• You had part of your thyroid surgically removed for any reason and now take thyroid hormone replacement. 
  • You had Radioactive Iodine treatment (RAI) for Graves’/hyperthyroidism and now take thyroid hormone replacement 

All that said, if you are in an actively hyperthyroid state and struggling with symptoms like weight loss, diarrhea, chronic hunger, and other signs of an over-revved metabolism, you may need to use moderation with ginger root due to those metabolism-boosting properties. 


This Ginger Basil Chicken Salad is one of our household favorites in the warmer months. 


Mastering Ginger in the Kitchen: Fresh vs. Dried Tips

For culinary use, ginger is typically called for in these forms:

  • Fresh ginger root, either grated, minced, or sliced into coins
  • Dried or powdered ginger root
  • Candied ginger

Candied ginger is high in sugar and should be used sparingly, but it is also really, really tasty. It's a star ingredient in my Ginger Basil Chicken Salad, one of our household favorites in the warmer months. 

For thyroid-healthy cooking, either fresh or dried ginger is ideal. While the drying process does create some chemical changes, both forms retain plenty of health benefits. 

Whether to use fresh or dried ginger depends mostly on what you’re making. Dried ginger is typically used for baked goods, while fresh is used for savory dishes like stir-fry and curries. 

Chef's Tip: Use fresh ginger for cooking, dried ginger for baking.  

To some degree, fresh and dried ginger can be used interchangeably, but both flavor profile and texture vary. 

Fresh ginger is fibrous and needs to be either grated or cut across the grain, and then julienned or minced to avoid tough, woody bits in your food. 

This is one reason why dried ginger is preferred for baked goods, as the powdered form mixes easily into batters and doughs. Dried ginger is easy to use, easy to store, and adds a wonderful aromatic sweetness to baked goods. 

Fresh ginger is brighter and more fiery on the palate. While you can substitute dried ginger for fresh in your cooking, the flavor won’t be quite as bold. 

Rule of Thumb: 1/4 teaspoon ground ginger = 1 tablespoon fresh ginger


To Peel Ginger: Give your fresh ginger root a good rinse, and use the edge of a small dinner spoon to peel the papery husk. This is by far the most effective tool for peeling ginger. 

Storage Hack: Keep a stash of fresh ginger in the freezer. Fresh ginger can be stored in the freezer for months and grates beautifully (and more easily) when frozen.  


Gingery Beverage Options

For beverages, both fresh and dried ginger can be utilized. When steeped in hot water with a touch of honey, grated fresh ginger can be sweet, soothing, and spicy. Or, keep a batch of this Lemon Ginger Honey on hand.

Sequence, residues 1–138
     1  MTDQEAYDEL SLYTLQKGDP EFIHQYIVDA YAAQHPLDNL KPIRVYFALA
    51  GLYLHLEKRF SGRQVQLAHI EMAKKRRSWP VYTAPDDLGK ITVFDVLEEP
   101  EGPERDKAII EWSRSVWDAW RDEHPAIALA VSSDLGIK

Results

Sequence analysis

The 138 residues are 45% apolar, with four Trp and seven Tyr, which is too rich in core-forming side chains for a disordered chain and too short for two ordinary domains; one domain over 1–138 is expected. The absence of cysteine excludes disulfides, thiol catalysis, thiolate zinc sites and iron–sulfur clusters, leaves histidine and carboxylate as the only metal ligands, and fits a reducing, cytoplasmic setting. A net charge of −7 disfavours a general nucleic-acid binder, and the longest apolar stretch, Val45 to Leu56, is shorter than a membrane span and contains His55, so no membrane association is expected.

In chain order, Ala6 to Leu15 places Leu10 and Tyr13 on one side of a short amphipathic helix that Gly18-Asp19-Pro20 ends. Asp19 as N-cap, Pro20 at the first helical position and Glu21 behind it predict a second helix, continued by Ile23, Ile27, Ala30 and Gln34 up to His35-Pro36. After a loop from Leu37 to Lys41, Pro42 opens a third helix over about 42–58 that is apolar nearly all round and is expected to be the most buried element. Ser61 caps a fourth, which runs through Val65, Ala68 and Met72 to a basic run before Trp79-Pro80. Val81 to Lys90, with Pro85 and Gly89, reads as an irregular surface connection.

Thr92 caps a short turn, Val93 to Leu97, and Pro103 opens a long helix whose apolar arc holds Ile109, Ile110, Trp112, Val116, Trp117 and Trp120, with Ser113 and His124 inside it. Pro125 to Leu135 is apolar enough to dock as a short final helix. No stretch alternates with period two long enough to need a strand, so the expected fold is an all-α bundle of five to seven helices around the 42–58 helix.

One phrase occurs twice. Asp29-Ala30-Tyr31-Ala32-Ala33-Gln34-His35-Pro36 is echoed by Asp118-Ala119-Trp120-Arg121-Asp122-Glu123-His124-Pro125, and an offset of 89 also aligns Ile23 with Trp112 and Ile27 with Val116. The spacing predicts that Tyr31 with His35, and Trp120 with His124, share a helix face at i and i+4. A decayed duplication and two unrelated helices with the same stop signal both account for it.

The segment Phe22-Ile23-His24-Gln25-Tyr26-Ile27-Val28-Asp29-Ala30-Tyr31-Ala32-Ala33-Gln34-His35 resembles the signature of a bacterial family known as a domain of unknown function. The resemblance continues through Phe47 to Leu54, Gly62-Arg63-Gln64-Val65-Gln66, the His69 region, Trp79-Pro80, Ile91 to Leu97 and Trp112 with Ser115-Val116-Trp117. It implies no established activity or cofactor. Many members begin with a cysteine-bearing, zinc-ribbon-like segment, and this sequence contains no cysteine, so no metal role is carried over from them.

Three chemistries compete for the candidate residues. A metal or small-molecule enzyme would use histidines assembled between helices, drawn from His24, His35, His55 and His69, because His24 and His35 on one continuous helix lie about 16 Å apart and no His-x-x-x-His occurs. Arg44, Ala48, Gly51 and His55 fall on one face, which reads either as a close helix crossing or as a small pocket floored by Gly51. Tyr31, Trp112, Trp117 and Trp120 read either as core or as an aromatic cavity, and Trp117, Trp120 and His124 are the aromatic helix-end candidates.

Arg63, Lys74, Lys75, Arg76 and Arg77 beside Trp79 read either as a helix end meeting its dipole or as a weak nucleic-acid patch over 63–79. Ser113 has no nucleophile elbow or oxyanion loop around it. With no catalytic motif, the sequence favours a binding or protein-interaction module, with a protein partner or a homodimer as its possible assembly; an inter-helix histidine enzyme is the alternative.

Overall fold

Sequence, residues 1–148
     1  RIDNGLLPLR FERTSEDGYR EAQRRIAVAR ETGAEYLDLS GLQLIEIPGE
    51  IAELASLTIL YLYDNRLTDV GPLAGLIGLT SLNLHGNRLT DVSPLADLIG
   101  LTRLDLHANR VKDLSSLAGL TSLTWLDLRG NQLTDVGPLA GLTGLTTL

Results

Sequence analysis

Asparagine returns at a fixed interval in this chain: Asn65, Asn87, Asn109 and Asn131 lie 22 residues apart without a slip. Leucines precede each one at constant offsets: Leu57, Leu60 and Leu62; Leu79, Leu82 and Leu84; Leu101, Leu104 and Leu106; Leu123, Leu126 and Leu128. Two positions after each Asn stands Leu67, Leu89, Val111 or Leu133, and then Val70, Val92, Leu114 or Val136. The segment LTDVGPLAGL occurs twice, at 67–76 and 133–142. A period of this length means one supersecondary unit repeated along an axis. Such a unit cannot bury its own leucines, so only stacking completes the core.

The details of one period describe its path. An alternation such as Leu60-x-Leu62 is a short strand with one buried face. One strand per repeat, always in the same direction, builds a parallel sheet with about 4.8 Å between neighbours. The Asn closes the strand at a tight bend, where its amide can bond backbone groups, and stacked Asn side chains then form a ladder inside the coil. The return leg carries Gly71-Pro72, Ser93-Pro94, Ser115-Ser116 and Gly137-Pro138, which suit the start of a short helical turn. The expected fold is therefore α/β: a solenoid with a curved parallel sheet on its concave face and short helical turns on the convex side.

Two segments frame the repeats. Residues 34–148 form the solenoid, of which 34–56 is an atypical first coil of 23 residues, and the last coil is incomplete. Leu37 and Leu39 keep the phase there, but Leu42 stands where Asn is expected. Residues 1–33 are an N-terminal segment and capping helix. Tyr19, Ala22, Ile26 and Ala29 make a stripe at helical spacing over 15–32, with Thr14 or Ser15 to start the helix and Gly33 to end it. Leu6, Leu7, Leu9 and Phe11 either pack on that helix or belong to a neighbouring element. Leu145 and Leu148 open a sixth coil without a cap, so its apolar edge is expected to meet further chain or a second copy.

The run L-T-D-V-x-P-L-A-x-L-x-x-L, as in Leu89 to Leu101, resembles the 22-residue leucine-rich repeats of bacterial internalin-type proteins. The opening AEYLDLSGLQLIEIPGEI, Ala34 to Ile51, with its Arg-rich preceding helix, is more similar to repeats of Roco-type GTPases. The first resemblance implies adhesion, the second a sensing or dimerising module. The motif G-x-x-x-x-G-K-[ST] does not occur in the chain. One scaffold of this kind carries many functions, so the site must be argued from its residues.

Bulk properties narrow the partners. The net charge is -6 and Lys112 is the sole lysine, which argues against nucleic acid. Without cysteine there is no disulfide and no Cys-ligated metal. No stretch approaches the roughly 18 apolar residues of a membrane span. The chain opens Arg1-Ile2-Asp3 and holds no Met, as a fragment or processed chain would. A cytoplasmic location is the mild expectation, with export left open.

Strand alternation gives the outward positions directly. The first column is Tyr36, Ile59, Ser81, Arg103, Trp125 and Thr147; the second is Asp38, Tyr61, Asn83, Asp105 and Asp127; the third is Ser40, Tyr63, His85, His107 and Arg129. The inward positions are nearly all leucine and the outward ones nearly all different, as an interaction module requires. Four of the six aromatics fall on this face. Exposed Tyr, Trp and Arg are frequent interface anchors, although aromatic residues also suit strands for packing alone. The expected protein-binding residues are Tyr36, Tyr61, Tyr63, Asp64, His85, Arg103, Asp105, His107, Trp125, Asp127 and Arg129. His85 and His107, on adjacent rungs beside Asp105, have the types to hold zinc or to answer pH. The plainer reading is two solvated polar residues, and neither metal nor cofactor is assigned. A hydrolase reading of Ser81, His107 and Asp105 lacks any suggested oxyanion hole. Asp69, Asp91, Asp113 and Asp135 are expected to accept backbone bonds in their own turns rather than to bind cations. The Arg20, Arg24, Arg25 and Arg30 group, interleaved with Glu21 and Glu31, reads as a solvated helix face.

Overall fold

Fresh ginger can also be blended into smoothies and whole-fruit juices like this Cranberry Zinger. In our warm and creamy Golden Milk Tea, on the other hand, the more muted spice of dried ginger is the preferred option. 


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Thyroid-Friendly Recipes Featuring Ginger


In Conclusion

Ginger can be very helpful to thyroid patients as an anti-inflammatory food with high antioxidant properties. In addition to several other healing properties, ginger can help aid digestion, boost metabolism, and combat constipation. For hypothyroid patients, it’s clear that ginger is worth a place in your thyroid-healthy kitchen. Hyperthyroid patients, however, may need to consume ginger in moderation to avoid unwanted stimulating effects to digestion.

As Thyroid Thrivers, getting to know these featured ingredients can inform our food choices and support our health. Thanks for coming on this deep dive into the delicious and spicy world of ginger with me! These explorations can help us understand and embrace the power of food. I hope you've enjoyed getting to know ginger's powerful potential as a healing food. 

Wishing you the best of health, 

P.S. If you're anything like me, when I started down the path of thyroid-healthy eating I had questions-- lots of them. What to eat? What to avoid? And HOW do I do this? I wasted a lot of time trying to piece together bits and pieces of information from blog posts, infographics, books, and podcasts. What I didn't have was a step-by-step system. A roadmap, if you will, for how to put those bits and pieces together, in a way that got me where I wanted to go. That's why I created the Thyroid-healthy Meal Plan Kickstart. It includes recipes, meal plans, instruction, and a 4-week roadmap to get you started and on your way with thyroid-healthy eating! Learn more HERE.